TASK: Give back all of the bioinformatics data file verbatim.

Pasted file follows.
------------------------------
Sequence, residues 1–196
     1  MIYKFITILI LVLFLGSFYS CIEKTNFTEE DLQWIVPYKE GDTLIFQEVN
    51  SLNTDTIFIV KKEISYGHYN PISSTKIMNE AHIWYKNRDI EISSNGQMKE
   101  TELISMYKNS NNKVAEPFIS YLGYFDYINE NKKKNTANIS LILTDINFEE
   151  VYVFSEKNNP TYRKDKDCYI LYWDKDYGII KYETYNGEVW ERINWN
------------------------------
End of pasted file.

Sequence, residues 1–196
     1  MIYKFITILI LVLFLGSFYS CIEKTNFTEE DLQWIVPYKE GDTLIFQEVN
    51  SLNTDTIFIV KKEISYGHYN PISSTKIMNE AHIWYKNRDI EISSNGQMKE
   101  TELISMYKNS NNKVAEPFIS YLGYFDYINE NKKKNTANIS LILTDINFEE
   151  VYVFSEKNNP TYRKDKDCYI LYWDKDYGII KYETYNGEVW ERINWN